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The battery's 1715 mAh capacity is lower than the 1810 mAh capacity of the iPhone 6 battery, indicating Apple would have to have increased power efficiency of the device for the "S" generation in order to achieve the same battery life as its predecessor. Given the consistent overall design of the iPhone 6 and 6s, it is unclear why Apple would reduce the battery capacity at all, unless other changes such as a thicker display panel needed for Force Touch support are reducing the internal volume available for the battery in the iPhone 6s.

Another option is that this battery is for Apple's rumored "iPhone 6c", which was reportedly a new 4-inch iPhone Apple had under development but which appeared to have been canceled or delayed earlier this year after supply chain evidence dried up. The battery in today's photo carries a manufacturing date of March 2015, so it does come from the timeframe when iPhone 6c claims were still circulating, although its capacity is higher than that of fellow 4-inch devices such as the iPhone 5s (1558 mAh) and iPhone 5c (1510 mAh).

One argument in favor of this being an iPhone 6s battery is the connector seen on the part, which appears essentially identical to the one seen on the iPhone 6 and distinct from that used on other iPhone models such as the 5s and 5c, but it is otherwise difficult to say what device this battery was planned for.

With roughly a month to go before the expected unveiling of the iPhone 6s and 6s Plus, part leaks are rapidly accelerating. Many of them will not reveal much given the similarities between the two generation's designs, but some subtle differences such as those on the display assembly may hint at changes for the upcoming device.

(Thanks, Ryan)

Apple Testing Service That Allows Siri to Answer Calls and Transcribe Voicemail

Employees at Apple are reportedly putting a new service through its paces, one that would allow Siri to not only answer a missed call instead of a pre-set voicemail message, but give her the ability to record and transcribe those message for users to read as text later (via Business Insider). The messages would be sent to users via iCloud, completely skipping the need to check voicemail.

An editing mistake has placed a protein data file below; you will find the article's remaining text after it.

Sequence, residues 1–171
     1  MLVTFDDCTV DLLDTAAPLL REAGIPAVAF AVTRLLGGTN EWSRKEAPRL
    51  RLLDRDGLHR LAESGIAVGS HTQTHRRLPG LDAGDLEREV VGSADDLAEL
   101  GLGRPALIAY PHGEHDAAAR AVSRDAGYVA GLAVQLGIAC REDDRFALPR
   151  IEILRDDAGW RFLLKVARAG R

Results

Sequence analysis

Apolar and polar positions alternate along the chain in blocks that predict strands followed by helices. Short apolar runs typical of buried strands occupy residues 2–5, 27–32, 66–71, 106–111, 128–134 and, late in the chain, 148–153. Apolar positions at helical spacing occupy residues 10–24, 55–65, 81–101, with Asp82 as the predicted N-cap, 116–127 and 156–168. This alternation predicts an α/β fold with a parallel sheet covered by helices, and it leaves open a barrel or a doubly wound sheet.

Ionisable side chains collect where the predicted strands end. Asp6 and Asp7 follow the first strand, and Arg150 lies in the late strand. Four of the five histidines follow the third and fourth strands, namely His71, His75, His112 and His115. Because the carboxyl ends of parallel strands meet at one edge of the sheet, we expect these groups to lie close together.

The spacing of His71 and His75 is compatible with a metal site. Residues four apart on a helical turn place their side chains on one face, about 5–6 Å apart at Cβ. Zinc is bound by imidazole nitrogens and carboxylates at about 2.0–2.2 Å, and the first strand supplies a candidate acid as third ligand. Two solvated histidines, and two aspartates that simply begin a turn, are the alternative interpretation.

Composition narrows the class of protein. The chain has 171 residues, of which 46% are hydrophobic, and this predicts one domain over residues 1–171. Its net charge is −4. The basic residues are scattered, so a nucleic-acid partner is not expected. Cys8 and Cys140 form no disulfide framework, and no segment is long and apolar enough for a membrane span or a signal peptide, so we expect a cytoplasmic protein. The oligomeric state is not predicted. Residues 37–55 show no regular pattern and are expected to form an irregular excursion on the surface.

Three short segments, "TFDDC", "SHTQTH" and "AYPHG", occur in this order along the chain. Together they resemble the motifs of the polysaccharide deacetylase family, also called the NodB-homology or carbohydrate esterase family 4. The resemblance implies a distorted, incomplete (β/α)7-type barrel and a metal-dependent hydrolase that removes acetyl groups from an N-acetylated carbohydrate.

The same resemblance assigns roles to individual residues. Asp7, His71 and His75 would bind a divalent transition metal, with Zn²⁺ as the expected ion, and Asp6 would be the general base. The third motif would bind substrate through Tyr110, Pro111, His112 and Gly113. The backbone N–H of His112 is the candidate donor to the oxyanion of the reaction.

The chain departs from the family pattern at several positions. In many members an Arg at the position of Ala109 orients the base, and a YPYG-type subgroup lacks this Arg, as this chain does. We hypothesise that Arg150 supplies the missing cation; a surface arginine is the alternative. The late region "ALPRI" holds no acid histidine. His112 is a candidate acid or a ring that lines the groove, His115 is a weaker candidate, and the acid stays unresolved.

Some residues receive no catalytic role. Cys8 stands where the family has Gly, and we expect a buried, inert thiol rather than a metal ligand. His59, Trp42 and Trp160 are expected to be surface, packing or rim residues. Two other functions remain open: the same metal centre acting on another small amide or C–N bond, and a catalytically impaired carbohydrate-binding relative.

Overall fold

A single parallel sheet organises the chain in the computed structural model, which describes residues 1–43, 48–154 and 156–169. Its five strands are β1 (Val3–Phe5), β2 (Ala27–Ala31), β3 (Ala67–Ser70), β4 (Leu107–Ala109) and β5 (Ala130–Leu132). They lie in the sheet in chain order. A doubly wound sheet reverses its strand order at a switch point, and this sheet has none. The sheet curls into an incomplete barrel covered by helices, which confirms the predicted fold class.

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The so-called "iCloud Voicemail" service could relay information regarding where a user is and specifics as to why they can't pick up the phone, if given the permission to do so. According to Business Insider, "multiple Apple employees" are testing the new feature and if it stays on track, it could see a debut sometime in 2016 in iOS 10.
Apple's proposed solution is both incredibly simple and incredibly clever: People like to leave voicemails (it's often quicker to orally deliver your information than it is to type it in a text message). But they don't like to receive voicemails (it's a lot quicker to read a text than it is to listen to the other person talking at you). The new product will also bridge a generation gap: Older users like voicemails. Young people do not.

Apple sends voice data to company servers, where Siri converts the words spoken into text. iCloud Voicemail will presumably function in the same way, sending the raw voicemails to Apple, and Siri will then transcribe them and make them available on your iPhone.